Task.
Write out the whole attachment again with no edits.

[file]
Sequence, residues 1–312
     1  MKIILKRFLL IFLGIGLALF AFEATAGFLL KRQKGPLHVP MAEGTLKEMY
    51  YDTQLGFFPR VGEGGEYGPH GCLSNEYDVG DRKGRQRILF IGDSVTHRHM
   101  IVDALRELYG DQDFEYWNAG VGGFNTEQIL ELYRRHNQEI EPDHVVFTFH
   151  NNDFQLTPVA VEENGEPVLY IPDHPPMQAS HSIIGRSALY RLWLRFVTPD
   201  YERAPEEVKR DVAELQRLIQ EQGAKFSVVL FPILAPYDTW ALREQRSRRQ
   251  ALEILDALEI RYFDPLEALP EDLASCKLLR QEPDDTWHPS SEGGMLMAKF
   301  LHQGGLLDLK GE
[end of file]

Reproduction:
Sequence, residues 1–312
     1  MKIILKRFLL IFLGIGLALF AFEATAGFLL KRQKGPLHVP MAEGTLKEMY
    51  YDTQLGFFPR VGEGGEYGPH GCLSNEYDVG DRKGRQRILF IGDSVTHRHM
   101  IVDALRELYG DQDFEYWNAG VGGFNTEQIL ELYRRHNQEI EPDHVVFTFH
   151  NNDFQLTPVA VEENGEPVLY IPDHPPMQAS HSIIGRSALY RLWLRFVTPD
   201  YERAPEEVKR DVAELQRLIQ EQGAKFSVVL FPILAPYDTW ALREQRSRRQ
   251  ALEILDALEI RYFDPLEALP EDLASCKLLR QEPDDTWHPS SEGGMLMAKF
   301  LHQGGLLDLK GE